WRITERS' ROOM Q&A: SEAN KELLY
Sean Kelly is a columnist for the Nine papers and a regular contributor to The Monthly. He was a political adviser to Kevin Rudd and Julia Gillard.
More recently, Sean has written The Game: A Portrait of Scott Morrison. In the book, he investigates the shallow political culture that allowed Morrison to succeed.
Who are your heroes in writing?
Janet Malcolm, for her close attention to language and what people unintentionally reveal with the words they choose. Sheila Heti, for her constant courage against convention. Helen Garner, for the way each sentence brings the world to you, a quality she shares with Hemingway. Annie Ernaux, for her precision. Vigdis Hjorth, because great literature does not have to eschew politics.
Favourite line from a book or movie?
“Literature, I knew, was the only thing that could be begun at forty.” – Sheila Heti, Motherhood
“The santas of Fifth Avenue rang their little bells with an odd sad delicacy, as if sprinkling salt on some brutally spoiled piece of meat.” Don DeLillo, Americana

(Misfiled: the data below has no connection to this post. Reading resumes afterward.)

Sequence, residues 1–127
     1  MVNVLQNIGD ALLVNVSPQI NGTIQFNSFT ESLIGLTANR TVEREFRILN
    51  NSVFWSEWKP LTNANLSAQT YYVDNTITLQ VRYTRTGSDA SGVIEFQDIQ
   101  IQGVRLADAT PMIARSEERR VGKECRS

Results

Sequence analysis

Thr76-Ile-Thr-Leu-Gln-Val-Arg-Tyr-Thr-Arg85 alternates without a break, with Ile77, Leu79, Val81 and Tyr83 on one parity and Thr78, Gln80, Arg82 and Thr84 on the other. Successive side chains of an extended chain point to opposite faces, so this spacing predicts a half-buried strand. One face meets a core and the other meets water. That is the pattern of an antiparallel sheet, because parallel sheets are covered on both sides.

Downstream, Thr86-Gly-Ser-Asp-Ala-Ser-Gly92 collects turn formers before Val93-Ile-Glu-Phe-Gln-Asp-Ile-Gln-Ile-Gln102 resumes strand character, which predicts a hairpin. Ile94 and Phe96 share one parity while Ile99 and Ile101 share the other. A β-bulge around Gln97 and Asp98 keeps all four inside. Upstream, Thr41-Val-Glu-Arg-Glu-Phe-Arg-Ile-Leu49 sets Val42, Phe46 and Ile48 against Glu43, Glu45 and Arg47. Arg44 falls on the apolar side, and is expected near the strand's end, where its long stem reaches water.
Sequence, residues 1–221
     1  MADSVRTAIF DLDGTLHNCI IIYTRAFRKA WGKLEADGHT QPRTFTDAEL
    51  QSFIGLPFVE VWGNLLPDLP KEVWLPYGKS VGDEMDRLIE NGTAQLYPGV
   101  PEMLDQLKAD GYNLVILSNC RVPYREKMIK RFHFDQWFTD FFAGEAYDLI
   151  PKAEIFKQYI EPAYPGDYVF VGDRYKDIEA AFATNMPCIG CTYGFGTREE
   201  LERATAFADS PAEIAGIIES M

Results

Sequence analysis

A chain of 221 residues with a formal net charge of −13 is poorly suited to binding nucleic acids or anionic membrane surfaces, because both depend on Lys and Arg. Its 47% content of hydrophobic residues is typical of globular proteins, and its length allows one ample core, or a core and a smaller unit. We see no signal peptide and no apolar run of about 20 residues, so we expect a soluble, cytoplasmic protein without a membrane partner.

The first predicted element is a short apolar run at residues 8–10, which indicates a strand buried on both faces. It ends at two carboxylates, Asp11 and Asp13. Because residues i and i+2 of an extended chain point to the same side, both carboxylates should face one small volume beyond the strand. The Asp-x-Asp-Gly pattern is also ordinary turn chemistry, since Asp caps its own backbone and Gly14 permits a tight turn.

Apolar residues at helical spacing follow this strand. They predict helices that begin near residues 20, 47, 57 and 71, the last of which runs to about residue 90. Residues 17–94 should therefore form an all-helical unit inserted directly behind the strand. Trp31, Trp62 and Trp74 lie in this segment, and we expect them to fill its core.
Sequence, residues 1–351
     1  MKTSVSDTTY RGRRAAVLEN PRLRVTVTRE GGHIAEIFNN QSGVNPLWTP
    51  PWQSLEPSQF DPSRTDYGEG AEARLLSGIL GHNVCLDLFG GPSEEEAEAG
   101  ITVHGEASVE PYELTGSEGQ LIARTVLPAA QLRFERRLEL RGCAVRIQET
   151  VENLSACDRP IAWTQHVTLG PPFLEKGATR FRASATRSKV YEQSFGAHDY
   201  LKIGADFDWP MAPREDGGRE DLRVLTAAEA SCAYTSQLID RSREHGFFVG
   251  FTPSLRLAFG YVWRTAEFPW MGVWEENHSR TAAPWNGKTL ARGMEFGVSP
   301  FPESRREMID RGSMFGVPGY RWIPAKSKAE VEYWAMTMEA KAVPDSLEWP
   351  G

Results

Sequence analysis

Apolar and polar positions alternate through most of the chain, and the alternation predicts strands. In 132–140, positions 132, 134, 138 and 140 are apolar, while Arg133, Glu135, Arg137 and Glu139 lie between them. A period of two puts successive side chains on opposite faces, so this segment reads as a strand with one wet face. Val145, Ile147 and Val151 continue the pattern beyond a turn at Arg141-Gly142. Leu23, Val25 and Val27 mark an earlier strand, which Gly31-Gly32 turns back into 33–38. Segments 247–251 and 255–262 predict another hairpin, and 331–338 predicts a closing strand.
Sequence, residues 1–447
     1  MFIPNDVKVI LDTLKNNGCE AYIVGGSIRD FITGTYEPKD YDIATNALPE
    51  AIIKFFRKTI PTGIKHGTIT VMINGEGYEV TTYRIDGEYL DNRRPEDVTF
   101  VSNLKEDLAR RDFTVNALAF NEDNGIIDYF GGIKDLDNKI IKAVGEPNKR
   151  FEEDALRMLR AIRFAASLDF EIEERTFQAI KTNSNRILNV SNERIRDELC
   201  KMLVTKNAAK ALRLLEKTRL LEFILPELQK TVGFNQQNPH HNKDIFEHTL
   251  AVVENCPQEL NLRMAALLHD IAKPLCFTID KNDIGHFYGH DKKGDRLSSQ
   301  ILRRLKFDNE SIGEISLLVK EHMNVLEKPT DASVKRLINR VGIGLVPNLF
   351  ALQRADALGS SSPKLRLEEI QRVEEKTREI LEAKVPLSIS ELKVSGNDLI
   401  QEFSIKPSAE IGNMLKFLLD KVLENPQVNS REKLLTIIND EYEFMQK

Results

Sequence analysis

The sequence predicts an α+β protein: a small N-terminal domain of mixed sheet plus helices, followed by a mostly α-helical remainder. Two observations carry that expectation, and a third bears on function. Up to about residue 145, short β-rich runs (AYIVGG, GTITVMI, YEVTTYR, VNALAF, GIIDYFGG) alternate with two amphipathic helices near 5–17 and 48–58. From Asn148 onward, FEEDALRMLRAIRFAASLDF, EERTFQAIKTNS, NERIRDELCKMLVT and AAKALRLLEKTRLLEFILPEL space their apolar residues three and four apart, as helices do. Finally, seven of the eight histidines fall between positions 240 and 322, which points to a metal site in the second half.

Best excuse you’ve used (or heard used) for missing a deadline?
People miss deadlines?
Worst feedback you’ve received?
The worst feedback you can get is the rejection letter. They’re so blankly anonymous and impersonal that you feel they must be disguising all sorts of sharp and horrible criticisms of your writing. At the same time, you are utterly, furiously convinced that nobody even bothered to read what you wrote – and that imagined indifference can hurt far more than the imagined attack.
What song best represents your career?
Homesick, Kings of Convenience:
Every day there's a boy in the mirror
Asking me what are you doing here
Finding all my previous motives
Growing increasingly unclear
Favourite political hero and villain?
Heroes: Paul Keating, because he understood language, its importance and how to wield it; and because he understood that a nation was a large and emotional thing. And Laurie Oakes and Michelle Grattan, for believing in the importance of accuracy and in the essential seriousness of politics.
Villain: John Howard, who – unlike many of his counterparts today – was a substantive politician, and for that reason was able to do an enormous amount of serious damage to this country, shifting it in ways that are proving very difficult to reverse.
If not a writer, what would you be?
The realistic answer is that I’d still work in politics. I’d like to say a film director. But I am increasingly trying to bow down before the wisdom of Bjorn Borg, who, Tim Adams wrote, refused to go through the motions of replaying a failed shot, because that was simply “vanity… as if you would like to prove you could do it correctly, and circumstances independent of your will forced you to commit the error.” Error or not, this is what I do.
You can buy The Game with free delivery (in Australia) here